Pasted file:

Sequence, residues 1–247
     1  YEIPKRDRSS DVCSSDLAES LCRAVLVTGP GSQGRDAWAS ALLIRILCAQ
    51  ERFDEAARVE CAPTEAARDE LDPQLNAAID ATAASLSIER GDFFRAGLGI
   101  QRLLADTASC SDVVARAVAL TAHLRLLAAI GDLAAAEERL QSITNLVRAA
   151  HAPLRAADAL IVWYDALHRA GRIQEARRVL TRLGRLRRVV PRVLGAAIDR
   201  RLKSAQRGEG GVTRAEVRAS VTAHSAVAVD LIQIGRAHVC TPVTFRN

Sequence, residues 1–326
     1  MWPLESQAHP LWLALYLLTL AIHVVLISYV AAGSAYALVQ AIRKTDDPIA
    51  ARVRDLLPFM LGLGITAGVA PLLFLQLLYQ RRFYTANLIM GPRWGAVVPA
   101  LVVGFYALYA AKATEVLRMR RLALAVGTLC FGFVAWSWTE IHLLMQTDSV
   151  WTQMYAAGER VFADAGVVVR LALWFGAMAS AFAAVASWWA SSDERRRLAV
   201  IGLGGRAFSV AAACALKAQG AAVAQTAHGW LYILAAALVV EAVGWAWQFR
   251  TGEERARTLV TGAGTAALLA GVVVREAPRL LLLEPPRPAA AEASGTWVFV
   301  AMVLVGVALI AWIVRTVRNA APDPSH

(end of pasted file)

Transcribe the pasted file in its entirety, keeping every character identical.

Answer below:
Sequence, residues 1–247
     1  YEIPKRDRSS DVCSSDLAES LCRAVLVTGP GSQGRDAWAS ALLIRILCAQ
    51  ERFDEAARVE CAPTEAARDE LDPQLNAAID ATAASLSIER GDFFRAGLGI
   101  QRLLADTASC SDVVARAVAL TAHLRLLAAI GDLAAAEERL QSITNLVRAA
   151  HAPLRAADAL IVWYDALHRA GRIQEARRVL TRLGRLRRVV PRVLGAAIDR
   201  RLKSAQRGEG GVTRAEVRAS VTAHSAVAVD LIQIGRAHVC TPVTFRN

Sequence, residues 1–326
     1  MWPLESQAHP LWLALYLLTL AIHVVLISYV AAGSAYALVQ AIRKTDDPIA
    51  ARVRDLLPFM LGLGITAGVA PLLFLQLLYQ RRFYTANLIM GPRWGAVVPA
   101  LVVGFYALYA AKATEVLRMR RLALAVGTLC FGFVAWSWTE IHLLMQTDSV
   151  WTQMYAAGER VFADAGVVVR LALWFGAMAS AFAAVASWWA SSDERRRLAV
   201  IGLGGRAFSV AAACALKAQG AAVAQTAHGW LYILAAALVV EAVGWAWQFR
   251  TGEERARTLV TGAGTAALLA GVVVREAPRL LLLEPPRPAA AEASGTWVFV
   301  AMVLVGVALI AWIVRTVRNA APDPSH